The Giant Foamboard Quadcopter: A Marvel of Engineering

Unmanned quadcopter drones have become increasingly popular in recent years, revolutionizing industries such as photography, videography, and even delivery services. While quadcopters come in various shapes and sizes, engineers at the University of Manchester have recently made waves in the drone community with their groundbreaking creation – the Giant Foamboard Quadcopter (GFQ).

This time we will delve into the details of this remarkable feat of engineering, explore its unique construction, and discuss the potential future applications of this innovative technology.

Birth of the Giant Foamboard Quadcopter

The Giant Foamboard Quadcopter, as the name suggests, is a quadcopter drone with an impressive wingspan of 6.4m (21ft). Developed by a team of engineers at the University of Manchester, this unmanned aerial vehicle (UAV) is made primarily from foamboard, lending it a distinctive cardboard-like appearance.

The first flight of the GFQ took place in July within the confines of the Snowdonia Aerospace Centre, marking a significant milestone in the development of large-scale unmanned drones.

Engineering Challenges

Flying a drone of this magnitude is not without its challenges. Kieran Wood, a lecturer in Aerospace Systems at the University of Manchester and the pilot of the GFQ, emphasized the critical nature of the initial flight. He stated, “The first moments of flight are the make-or-break point for these types of multi-copter drones. There are many hundreds of things that you must get right.” Fortunately, the flight proceeded smoothly, and the GFQ soared through the air without any unexpected mishaps.

Unparalleled Construction

One of the most intriguing aspects of the Giant Foamboard Quadcopter is its construction. The drone is built using sheets of foamboard, which consists of a foam core sandwiched between layers of paper. Foamboard is a versatile material commonly used for modeling and mounting artwork. However, the engineers at the University of Manchester have pushed the boundaries of its application by employing it in the creation of a large-scale UAV.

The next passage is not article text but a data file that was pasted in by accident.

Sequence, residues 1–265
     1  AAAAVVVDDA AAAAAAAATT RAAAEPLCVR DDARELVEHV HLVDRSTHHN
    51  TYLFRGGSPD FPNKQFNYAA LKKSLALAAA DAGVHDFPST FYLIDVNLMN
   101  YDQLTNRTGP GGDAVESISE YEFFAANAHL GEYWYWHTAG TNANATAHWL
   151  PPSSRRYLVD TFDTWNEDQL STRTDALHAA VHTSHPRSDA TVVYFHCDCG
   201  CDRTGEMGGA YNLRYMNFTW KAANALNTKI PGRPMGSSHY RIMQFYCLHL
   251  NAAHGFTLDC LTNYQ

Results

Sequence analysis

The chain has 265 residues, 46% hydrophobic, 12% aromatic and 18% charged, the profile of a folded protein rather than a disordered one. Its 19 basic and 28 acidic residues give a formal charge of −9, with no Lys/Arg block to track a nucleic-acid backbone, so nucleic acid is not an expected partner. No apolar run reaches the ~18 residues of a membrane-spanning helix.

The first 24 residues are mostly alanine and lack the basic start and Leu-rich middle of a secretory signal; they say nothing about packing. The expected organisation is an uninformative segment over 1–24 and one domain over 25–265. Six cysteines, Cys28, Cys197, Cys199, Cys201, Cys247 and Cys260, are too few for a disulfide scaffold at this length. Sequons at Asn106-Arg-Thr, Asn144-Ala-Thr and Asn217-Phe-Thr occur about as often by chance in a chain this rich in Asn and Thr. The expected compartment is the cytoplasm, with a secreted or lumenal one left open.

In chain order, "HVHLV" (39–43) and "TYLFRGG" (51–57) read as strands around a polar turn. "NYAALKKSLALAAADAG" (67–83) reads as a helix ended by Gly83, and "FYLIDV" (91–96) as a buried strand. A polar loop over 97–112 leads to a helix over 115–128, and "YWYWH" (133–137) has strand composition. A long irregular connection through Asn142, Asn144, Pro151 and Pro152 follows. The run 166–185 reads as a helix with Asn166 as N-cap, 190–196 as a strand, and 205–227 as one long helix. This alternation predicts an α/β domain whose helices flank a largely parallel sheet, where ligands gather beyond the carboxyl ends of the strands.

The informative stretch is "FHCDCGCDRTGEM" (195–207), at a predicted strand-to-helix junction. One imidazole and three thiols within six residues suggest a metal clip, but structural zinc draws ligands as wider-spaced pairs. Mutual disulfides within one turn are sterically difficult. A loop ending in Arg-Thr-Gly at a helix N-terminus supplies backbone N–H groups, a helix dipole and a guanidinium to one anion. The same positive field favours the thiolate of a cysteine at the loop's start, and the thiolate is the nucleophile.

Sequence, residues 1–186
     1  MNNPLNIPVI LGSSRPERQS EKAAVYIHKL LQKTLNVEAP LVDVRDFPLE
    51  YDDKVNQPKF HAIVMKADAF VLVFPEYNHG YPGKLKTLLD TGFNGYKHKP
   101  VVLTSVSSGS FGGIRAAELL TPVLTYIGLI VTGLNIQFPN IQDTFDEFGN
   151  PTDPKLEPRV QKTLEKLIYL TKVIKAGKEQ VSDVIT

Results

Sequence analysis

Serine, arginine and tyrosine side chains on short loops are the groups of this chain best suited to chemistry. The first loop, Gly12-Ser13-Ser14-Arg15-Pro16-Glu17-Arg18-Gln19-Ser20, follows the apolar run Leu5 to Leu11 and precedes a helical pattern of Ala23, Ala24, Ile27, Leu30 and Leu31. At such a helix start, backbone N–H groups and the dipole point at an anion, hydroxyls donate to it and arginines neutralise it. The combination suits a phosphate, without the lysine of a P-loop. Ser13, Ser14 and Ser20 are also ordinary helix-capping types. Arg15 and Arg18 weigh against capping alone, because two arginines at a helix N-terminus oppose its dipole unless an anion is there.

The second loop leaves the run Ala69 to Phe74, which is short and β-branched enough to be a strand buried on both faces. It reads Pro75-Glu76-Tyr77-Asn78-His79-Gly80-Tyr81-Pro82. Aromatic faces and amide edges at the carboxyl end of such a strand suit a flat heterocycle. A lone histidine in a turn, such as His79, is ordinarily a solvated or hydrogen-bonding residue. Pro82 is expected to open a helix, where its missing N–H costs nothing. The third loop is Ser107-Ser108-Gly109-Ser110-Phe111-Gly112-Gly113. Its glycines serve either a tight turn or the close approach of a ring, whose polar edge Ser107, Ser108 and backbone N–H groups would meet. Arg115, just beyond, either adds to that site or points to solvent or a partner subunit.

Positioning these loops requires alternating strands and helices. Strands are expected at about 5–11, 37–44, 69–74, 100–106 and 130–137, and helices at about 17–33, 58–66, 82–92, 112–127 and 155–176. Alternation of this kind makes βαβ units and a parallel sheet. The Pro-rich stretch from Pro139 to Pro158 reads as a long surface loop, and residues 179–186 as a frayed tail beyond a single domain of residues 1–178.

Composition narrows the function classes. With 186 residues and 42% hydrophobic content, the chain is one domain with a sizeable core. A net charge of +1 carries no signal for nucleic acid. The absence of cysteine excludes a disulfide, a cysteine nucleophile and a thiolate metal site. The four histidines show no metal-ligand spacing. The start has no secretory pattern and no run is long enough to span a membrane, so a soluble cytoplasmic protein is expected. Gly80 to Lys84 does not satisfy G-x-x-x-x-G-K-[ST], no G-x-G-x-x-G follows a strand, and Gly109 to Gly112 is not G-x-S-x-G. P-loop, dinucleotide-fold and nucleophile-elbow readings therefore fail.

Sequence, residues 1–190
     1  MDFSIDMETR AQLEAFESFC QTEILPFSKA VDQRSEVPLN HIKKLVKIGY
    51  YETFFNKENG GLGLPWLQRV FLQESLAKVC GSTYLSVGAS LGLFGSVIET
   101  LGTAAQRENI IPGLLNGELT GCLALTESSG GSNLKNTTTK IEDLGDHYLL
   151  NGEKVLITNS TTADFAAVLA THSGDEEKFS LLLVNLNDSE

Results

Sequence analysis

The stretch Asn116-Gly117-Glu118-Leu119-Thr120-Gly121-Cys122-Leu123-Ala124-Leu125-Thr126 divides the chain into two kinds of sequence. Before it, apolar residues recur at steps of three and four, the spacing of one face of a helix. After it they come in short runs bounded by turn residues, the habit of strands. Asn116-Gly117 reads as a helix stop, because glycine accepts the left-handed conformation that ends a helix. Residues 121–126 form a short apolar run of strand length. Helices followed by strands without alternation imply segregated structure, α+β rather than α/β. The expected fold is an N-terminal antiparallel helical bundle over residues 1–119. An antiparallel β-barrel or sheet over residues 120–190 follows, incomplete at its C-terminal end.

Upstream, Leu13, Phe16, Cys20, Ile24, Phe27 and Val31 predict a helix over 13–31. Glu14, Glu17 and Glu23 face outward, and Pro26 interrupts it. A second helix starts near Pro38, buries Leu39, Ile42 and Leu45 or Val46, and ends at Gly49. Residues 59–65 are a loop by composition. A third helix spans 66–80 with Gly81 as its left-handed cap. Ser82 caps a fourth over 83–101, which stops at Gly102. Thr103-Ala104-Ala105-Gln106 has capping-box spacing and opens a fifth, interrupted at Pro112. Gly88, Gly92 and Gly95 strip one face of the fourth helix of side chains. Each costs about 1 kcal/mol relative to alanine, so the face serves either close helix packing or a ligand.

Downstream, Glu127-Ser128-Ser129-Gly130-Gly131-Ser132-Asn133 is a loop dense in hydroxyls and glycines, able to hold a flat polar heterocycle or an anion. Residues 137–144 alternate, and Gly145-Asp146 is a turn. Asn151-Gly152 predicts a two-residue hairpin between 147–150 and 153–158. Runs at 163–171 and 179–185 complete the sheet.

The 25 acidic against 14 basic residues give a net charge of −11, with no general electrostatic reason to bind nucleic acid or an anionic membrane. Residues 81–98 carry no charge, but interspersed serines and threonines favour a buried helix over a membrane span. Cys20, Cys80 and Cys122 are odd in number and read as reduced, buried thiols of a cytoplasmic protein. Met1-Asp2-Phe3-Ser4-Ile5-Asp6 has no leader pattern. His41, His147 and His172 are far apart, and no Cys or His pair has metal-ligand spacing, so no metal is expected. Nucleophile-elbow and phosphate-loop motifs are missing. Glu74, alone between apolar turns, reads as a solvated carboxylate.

Professor Bill Crowther, also from the University of Manchester, expressed his awe at the innovative design, saying, “Ultimately, with this design, you are holding up 25kg of aircraft with just a few strategically placed pieces of paper – that’s the art of the possible.” The use of cardboard-like materials may initially seem unconventional in the realm of drone manufacturing, but it opens up a world of possibilities for lightweight and environmentally friendly aircraft structures.

Potential of Cardboard Drones

While the concept of cardboard drones may evoke images of child’s play, they have proven to be a serious business with real-world applications. An Australian firm called SYPAQ has developed fixed-wing cardboard drones, which have been supplied to Ukraine. These drones have gained popularity due to their unique advantages in military operations.

The flat-packed design allows soldiers in the field to assemble the drones quickly and easily. Additionally, the cardboard construction makes them less visible to radar, providing a tactical advantage. Originally designed to carry payloads such as blood supplies, these drones have reportedly been modified to carry munitions and have even been deployed in combat situations.

Future of the Giant Foamboard Quadcopter

The successful flight of the Giant Foamboard Quadcopter has laid the foundation for further exploration and development in the field of large-scale unmanned drones. The engineers at the University of Manchester have expressed their ambitions to push the boundaries even further and create an even larger quadcopter in the future. This dedication to innovation and progress ensures that the GFQ is just the beginning of what may be possible in the world of unmanned aerial vehicles.


The Giant Foamboard Quadcopter stands as a testament to human ingenuity and engineering prowess. Its unique construction using foamboard challenges traditional notions of drone manufacturing and opens up new possibilities for lightweight and environmentally friendly aircraft structures. As the field of unmanned aerial vehicles continues to evolve, the successful flight of the GFQ paves the way for even greater advancements in this exciting industry. Whether it be in the realm of photography, delivery services, or military operations, the potential applications of this groundbreaking technology are vast. The Giant Foamboard Quadcopter has certainly captured the imagination of drone enthusiasts worldwide, and we eagerly await the next chapter in its remarkable journey.